• Beach side community spaces (i.e. halls) are scarce on the Coast and Queen Elizabeth park has become a regional destination
  • Honouring the Centennial heritage and strong links to Paekākāriki village will be supported by sustaining a building presence here in Paekākāriki
  • A dynamic new space opens up the surf club to more community engagement and hosting opportunities.

A century of residences

Paekākāriki Surf Lifeguards is a community based, volunteer lifesaving club that has been providing an essential lifesaving service for over 100 years. In this time, it is estimated that the efforts of the club have saved well over 1000 people from life threatening situations.

The Paekākāriki Surf Lifeguards (PSL) were once known as the Paekākāriki Railway Surf Club. In 1913 the club was established by a group of railway men following the drowning of their friend off Beach Road. Thanks to funding from the Railway Department, this group were able to build the first surf club building here in Paekākāriki.

PSL are one of the oldest organisations here in Kāpiti, and we lay claim to being the first country lifesaving club in all of Aotearoa. To date we’ve gone through four buildings. The first was taken out by a tidal wave in 1916, its replacement was destroyed in a 1922 storm.  1928 saw a new building constructed by local volunteers.  The club then migrated to a new building with a hall up top (now known as the Memorial Hall).

Men’s lifesaving team outside what is now the Memorial Hall, Paekakariki

Before long the surf club and its hall was being used by multiple community groups, and consideration for specialist facilities closer to the popular end of the beach (QEII Park) were required. A new building was commissioned in the 1960s, with the foundation poured in 1965 – and there we’ve stayed!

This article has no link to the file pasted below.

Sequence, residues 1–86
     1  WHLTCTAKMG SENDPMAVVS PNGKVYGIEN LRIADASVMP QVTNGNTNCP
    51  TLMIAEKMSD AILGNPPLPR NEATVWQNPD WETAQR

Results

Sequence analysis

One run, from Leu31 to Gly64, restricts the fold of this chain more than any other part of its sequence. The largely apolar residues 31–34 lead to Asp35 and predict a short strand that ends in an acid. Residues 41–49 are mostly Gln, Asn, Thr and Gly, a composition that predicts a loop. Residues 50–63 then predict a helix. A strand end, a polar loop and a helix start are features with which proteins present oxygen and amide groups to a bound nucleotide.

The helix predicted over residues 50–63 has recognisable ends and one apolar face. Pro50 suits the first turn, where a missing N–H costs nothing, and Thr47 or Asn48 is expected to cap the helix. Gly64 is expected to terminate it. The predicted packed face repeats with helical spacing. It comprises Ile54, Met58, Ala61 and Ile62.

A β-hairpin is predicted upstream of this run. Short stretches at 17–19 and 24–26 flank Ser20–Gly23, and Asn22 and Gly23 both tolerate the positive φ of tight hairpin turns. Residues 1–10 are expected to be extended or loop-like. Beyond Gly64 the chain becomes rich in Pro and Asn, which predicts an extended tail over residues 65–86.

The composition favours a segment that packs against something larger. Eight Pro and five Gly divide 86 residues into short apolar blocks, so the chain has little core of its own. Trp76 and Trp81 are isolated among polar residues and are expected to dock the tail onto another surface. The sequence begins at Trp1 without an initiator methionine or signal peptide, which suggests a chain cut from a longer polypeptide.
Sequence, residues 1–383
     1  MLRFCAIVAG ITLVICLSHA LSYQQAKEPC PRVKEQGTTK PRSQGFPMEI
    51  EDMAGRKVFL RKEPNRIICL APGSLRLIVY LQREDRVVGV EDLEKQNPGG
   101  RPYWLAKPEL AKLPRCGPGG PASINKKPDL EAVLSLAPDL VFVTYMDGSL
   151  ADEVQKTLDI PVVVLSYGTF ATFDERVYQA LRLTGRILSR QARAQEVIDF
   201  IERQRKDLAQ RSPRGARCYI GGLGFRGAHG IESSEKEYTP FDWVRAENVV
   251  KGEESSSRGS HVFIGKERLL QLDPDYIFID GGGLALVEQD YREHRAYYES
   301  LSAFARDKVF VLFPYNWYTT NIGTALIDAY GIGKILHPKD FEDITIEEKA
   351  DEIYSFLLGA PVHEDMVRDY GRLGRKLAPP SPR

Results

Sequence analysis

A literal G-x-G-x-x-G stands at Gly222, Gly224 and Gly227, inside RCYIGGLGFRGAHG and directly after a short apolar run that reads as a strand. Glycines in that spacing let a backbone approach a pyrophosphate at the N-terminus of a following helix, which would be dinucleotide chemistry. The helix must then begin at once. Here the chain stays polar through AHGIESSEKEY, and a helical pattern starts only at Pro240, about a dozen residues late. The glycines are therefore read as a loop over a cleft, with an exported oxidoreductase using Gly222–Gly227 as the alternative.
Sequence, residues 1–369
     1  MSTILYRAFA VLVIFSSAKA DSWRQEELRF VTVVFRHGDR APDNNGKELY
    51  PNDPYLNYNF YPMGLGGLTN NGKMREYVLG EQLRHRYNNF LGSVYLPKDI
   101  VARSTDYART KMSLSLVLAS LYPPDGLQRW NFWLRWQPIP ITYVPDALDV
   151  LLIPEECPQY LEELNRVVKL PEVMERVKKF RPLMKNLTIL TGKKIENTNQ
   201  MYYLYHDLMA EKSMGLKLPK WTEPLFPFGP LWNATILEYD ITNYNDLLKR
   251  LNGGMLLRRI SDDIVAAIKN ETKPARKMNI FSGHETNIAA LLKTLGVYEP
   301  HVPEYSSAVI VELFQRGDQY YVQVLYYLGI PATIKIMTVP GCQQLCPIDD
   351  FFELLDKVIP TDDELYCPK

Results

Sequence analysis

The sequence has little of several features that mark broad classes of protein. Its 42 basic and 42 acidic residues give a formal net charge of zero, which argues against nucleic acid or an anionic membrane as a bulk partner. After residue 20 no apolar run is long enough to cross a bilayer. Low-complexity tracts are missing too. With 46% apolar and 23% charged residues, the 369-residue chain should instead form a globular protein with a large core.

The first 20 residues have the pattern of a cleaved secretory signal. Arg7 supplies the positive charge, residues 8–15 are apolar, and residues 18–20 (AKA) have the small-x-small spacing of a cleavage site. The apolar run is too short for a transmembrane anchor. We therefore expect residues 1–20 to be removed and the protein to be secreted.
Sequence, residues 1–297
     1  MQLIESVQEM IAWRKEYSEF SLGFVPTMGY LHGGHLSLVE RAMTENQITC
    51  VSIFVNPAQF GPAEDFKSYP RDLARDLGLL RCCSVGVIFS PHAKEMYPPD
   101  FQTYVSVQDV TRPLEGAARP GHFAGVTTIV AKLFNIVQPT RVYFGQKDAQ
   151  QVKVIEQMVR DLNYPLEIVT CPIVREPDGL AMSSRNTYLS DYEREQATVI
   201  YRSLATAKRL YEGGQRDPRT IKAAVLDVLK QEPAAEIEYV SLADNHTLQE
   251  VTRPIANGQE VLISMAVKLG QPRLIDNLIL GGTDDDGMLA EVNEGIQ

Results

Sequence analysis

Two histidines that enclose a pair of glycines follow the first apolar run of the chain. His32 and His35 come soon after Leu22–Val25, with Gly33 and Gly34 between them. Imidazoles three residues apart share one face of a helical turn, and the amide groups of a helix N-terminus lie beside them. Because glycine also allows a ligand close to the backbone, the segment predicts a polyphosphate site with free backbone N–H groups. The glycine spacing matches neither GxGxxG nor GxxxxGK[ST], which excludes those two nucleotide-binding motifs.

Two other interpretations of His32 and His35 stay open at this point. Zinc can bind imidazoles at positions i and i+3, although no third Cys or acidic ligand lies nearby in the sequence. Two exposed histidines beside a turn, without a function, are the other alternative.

The 1965 building has been added on to and renovated numerous times. It has gone well beyond its 50-year life expectancy and is struggling to keep up with user requirements and engineering requirements.

In the early years our clubhouse was a vital part of the community, hosting euchre parties weekly, regular dances, and also the 1000 book Paekākāriki library. Lifesaving tactics have thankfully changed over the years, and where we once needed only a man and a ‘line’ to conduct a rescue, we now allow our women and men to rescue using the latest rescue boats, All-Terrain-Vehicles, and rescue boards. All of this vital equipment takes up more space – leaving less room for dancing and euchre. An undesirable ramification being a decline in local membership.

Much of this is due to the ability for people to use different parts of the coastline through better beach access and increased population along the Kāpiti Coast. Paekākāriki Surf Lifeguards need to provide a wider service requiring a bigger range of equipment and subsequent storage.

Where our clubhouse was once a vibrant, stronghold of the community, its degrading condition combined with the bourgeoning storage requirements, have pushed it to the backseat of community affairs.

A new building will not only allow us to better perform lifeguarding and rescue activities but will give us the space and profile to re-engage and support our community as a communal space for hire.

Building project updates